PEMBROKE - The Catholic Church was aware of the sexual abuse of young boys by Bernard Prince four decades ago, but allowed it to continue, lawsuits filed by nearly a dozen victims of the pedophile priest allege.
It's a charge the church vehemently denies, claiming an "extensive search" of documents from the time period unearthed "absolutely no evidence" that anyone ever reported any incidents of sexual abuse by the now-retired priest, who is serving a four-year prison sentence after pleading guilty to 12 charges of indecent and sexual assault involving young males between 1964 and 1984 and being found guilty of a 13th.
Lawyer Rob Talach, whose law firm, Ledroit Beckett, is representing 11 men who have each filed lawsuits against Msgr. Prince and the Roman Catholic Diocese of Pembroke, says the older sister of one of the victims reported the abuse of her brother to a nun at her Catholic high school in 1968 while Msgr. Prince was at the St. Jean Baptiste parish in Pembroke.
Mr. Talach said the sister was assured the matter would be reported to senior officials of the diocese.
But it wasn't until two years ago, after the 72-year-old former Pembroke-area priest and Vatican official retired, that police launched a criminal investigation into the sexual abuse of the young boys.
"I think it just goes to show the attitude of the Catholic Church that they would just as well keep this buried," one of the men involved in the lawsuit said on Monday. His name is protected by a court-ordered publication ban.
Mr. Talach said the diocese also received a complaint about Msgr. Prince in the late 1990s, but he was allowed to continue to hold a prestigious post at the Vatican as secretary-general of the Pontifical Work for the Propagation of Faith.
Bruce Pappin, spokesman for the Roman Catholic Diocese of Pembroke, said he was not aware of a second complaint. Mr. Pappin said the priest who dealt with the complaints at the time has since died.
Any complaints would have been dealt with following the church protocol on abuse of young people by the clergy, he said.
There is no evidence of the complaint in 1968, said Mr. Pappin.
"There was an exhaustive search of all of the documentation and there is absolutely no evidence that the diocese knew," he said.
According to the statements of claim, the victims allege the diocese knew or should have known that Msgr. Prince had the "propensity to engage in such deviant behaviours" and took "no steps to stop the behaviour or protect the plaintiff(s)."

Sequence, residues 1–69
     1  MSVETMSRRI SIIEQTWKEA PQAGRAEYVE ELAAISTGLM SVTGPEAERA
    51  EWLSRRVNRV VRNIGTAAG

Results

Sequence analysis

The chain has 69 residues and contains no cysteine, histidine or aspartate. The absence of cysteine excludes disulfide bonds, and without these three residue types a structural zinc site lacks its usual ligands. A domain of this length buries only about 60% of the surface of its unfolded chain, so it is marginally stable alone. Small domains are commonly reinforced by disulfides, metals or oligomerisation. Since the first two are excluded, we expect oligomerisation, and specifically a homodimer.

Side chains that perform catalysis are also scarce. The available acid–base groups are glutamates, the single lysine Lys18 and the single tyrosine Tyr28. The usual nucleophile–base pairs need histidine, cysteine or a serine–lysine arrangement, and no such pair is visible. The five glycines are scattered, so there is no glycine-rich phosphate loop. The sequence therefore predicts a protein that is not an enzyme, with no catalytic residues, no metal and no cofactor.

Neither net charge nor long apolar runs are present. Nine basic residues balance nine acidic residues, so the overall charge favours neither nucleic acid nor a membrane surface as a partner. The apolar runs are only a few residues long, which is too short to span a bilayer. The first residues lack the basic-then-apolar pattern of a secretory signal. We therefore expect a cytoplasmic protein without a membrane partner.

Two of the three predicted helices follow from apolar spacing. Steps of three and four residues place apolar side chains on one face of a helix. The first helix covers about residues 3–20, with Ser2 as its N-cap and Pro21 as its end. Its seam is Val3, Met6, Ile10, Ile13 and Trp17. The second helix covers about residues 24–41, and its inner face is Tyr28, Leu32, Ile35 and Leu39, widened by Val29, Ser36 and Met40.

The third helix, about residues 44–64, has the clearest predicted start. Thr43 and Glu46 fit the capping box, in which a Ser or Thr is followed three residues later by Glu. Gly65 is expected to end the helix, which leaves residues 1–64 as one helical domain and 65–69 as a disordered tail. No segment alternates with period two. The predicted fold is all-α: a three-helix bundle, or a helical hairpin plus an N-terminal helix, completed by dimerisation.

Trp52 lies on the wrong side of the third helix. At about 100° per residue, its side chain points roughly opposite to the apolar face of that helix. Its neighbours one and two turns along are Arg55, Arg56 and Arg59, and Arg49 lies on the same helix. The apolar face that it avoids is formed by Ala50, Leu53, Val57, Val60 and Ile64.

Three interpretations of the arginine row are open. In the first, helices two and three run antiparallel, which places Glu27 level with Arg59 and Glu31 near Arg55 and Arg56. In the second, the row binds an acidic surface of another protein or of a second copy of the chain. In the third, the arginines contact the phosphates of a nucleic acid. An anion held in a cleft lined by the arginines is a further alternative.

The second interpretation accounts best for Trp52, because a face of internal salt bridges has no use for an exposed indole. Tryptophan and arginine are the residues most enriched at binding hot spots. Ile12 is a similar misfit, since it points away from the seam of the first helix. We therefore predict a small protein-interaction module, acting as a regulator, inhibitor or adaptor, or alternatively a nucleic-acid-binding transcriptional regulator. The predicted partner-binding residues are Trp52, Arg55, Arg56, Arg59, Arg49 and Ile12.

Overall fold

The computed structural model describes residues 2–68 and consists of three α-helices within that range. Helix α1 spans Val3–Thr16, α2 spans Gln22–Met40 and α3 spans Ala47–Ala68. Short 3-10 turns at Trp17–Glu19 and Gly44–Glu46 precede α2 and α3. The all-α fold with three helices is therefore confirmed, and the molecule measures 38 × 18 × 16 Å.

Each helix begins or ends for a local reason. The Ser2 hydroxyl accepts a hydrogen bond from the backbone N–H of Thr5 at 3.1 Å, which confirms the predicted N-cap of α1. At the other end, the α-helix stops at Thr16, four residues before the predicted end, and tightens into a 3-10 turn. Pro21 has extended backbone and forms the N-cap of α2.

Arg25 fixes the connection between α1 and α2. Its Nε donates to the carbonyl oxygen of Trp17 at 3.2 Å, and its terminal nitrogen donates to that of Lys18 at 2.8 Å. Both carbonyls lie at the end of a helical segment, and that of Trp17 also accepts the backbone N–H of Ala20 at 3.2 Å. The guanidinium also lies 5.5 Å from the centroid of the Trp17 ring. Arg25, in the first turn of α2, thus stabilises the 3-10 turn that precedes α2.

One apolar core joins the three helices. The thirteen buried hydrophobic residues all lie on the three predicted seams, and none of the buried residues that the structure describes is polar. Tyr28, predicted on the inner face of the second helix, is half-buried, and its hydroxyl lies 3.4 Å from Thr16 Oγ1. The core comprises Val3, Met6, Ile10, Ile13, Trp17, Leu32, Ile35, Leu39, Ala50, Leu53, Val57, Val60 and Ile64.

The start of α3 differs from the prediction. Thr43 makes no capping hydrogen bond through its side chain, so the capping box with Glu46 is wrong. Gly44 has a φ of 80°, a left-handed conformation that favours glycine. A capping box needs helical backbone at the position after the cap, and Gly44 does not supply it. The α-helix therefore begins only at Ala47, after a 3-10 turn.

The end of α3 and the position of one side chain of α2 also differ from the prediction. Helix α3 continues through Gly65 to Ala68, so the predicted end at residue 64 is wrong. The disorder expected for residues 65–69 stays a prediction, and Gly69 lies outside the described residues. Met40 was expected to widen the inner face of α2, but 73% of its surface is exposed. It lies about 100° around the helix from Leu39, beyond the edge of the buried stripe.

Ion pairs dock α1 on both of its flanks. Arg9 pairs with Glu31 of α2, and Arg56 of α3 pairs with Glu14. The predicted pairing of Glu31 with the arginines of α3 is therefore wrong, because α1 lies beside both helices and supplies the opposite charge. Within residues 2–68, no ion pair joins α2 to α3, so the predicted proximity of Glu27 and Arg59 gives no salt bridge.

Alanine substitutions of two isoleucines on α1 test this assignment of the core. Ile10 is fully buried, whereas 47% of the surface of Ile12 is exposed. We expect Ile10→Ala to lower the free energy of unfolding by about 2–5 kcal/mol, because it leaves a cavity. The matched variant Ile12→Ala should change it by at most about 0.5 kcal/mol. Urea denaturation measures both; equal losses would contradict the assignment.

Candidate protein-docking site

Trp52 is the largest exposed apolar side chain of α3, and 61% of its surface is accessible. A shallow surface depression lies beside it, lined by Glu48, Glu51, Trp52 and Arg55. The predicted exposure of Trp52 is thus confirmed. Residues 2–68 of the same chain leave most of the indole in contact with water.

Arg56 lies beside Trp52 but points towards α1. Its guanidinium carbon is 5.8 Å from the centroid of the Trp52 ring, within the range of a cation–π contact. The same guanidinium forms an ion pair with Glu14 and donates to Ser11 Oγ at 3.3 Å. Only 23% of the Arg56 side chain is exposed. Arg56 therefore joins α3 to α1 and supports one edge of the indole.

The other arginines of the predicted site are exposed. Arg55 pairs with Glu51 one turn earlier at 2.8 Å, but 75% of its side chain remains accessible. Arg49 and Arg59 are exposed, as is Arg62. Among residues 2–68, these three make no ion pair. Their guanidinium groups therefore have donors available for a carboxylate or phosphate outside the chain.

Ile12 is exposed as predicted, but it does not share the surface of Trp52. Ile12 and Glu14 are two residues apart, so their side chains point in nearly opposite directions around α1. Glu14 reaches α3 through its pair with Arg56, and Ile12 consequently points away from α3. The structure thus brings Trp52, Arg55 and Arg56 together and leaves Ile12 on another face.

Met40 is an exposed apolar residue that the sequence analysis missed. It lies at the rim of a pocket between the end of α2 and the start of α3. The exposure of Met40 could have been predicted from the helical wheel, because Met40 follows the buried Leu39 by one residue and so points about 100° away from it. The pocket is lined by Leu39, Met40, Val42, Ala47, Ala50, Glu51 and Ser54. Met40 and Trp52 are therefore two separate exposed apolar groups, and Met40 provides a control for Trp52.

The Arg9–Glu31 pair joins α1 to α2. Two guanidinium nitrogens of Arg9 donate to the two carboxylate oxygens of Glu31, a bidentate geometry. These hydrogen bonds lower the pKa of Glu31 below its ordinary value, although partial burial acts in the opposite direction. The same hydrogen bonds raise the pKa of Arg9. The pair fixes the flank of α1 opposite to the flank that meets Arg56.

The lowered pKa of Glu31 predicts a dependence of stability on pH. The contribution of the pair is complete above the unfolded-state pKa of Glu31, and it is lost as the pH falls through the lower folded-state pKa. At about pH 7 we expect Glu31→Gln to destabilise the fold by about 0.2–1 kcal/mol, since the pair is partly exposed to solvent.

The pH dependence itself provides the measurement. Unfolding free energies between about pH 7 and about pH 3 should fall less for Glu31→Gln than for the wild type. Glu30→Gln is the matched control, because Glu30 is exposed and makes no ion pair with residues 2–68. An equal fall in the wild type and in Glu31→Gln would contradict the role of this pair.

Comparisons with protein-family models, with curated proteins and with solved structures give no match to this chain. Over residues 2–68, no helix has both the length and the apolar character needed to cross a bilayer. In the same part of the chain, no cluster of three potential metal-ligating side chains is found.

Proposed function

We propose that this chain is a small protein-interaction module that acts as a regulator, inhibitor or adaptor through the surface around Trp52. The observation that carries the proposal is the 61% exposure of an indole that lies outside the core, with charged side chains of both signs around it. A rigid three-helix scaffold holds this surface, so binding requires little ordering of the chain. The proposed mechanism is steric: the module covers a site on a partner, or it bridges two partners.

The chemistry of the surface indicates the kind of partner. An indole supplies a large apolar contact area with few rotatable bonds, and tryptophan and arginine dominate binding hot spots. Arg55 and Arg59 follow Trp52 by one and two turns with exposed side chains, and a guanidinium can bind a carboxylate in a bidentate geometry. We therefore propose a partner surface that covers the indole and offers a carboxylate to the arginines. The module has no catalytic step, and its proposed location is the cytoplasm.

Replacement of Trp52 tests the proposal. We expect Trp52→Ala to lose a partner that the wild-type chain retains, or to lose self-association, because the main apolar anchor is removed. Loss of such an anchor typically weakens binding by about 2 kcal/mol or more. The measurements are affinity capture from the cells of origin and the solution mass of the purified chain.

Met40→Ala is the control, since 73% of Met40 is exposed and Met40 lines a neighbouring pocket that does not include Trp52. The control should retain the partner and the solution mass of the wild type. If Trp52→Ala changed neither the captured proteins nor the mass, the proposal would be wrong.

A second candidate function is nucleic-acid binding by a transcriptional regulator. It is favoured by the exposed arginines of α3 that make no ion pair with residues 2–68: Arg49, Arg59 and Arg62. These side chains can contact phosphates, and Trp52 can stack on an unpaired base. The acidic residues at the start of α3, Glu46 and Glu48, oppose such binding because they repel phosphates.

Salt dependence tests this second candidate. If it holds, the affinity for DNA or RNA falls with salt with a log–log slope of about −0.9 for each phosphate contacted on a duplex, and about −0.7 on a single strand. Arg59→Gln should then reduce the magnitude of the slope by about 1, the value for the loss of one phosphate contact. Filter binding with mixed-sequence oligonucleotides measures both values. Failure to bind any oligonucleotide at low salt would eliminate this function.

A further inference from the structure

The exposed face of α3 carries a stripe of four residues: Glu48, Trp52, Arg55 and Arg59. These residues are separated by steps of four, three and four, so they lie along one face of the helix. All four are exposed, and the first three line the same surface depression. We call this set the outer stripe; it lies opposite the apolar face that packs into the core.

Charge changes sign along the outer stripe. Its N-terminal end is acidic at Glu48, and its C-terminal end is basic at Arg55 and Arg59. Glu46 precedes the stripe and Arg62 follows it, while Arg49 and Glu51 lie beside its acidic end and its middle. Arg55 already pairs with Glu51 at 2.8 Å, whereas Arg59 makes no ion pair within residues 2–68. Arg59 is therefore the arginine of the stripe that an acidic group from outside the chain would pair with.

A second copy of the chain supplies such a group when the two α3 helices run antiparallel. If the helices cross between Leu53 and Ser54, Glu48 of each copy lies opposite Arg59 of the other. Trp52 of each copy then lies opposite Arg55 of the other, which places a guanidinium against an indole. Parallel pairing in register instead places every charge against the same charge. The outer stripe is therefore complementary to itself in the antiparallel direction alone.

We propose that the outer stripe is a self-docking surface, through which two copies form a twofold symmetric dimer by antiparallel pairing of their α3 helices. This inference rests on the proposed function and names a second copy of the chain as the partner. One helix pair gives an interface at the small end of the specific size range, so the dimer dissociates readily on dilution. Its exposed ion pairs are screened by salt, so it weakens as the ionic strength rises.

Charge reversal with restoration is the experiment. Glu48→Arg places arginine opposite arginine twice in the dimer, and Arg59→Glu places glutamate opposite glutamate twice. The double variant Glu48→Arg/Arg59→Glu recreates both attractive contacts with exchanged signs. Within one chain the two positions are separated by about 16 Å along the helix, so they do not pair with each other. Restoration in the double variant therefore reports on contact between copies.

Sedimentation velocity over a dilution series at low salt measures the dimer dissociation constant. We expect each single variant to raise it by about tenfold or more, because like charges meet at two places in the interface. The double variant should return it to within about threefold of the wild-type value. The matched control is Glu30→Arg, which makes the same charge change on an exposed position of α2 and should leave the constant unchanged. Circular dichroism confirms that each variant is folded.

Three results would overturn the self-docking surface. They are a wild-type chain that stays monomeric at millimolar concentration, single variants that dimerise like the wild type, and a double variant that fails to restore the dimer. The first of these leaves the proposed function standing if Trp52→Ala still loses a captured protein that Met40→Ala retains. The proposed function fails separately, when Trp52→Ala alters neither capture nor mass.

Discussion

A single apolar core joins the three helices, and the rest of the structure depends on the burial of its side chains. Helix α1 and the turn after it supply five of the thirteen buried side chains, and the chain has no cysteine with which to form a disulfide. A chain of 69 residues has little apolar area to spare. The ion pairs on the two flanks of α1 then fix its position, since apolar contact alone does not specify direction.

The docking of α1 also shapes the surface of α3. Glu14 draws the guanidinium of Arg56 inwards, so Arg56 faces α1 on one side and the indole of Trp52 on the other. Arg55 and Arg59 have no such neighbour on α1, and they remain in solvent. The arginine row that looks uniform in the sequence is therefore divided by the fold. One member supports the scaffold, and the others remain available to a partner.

"All of these years, in my silence, I never thought the church knew about it," said the man who was sexually assaulted by Msgr. Prince in 1984, when he was 17 years old.
"Why would the Catholic Church allow this to continue and not do anything about it?"
The man said the abuse left him with nightmares and feelings of anguish and guilt. He said he'd like to see an "act of contrition" on the part of the church.
"If they had acted upon it when they first heard about it, I wouldn't be one of the victims standing here right now," he said, adding he has never received an apology from the church for what happened to him.
The 11 men - including 10 of the victims from the criminal proceedings - are seeking millions in damages to cover emotional and economic losses and to pay for counselling.
Two additional lawsuits, involving two of the other victims from the criminal proceedings, have also been filed by other law firms.
The males were between 10 and 16 when the assaults occurred. Court heard that the assaults usually occurred in bed, where a naked Msgr. Prince would fondle and masturbate the young males. In several cases, the complainants reported anal intercourse or oral sex, although Msgr. Prince denied those allegations.
Mr. Talach said the church has already provided some funding to victims for counselling. He said the victims he represents hope the Catholic Church will make institutional changes to prevent such sex abuse from occurring again.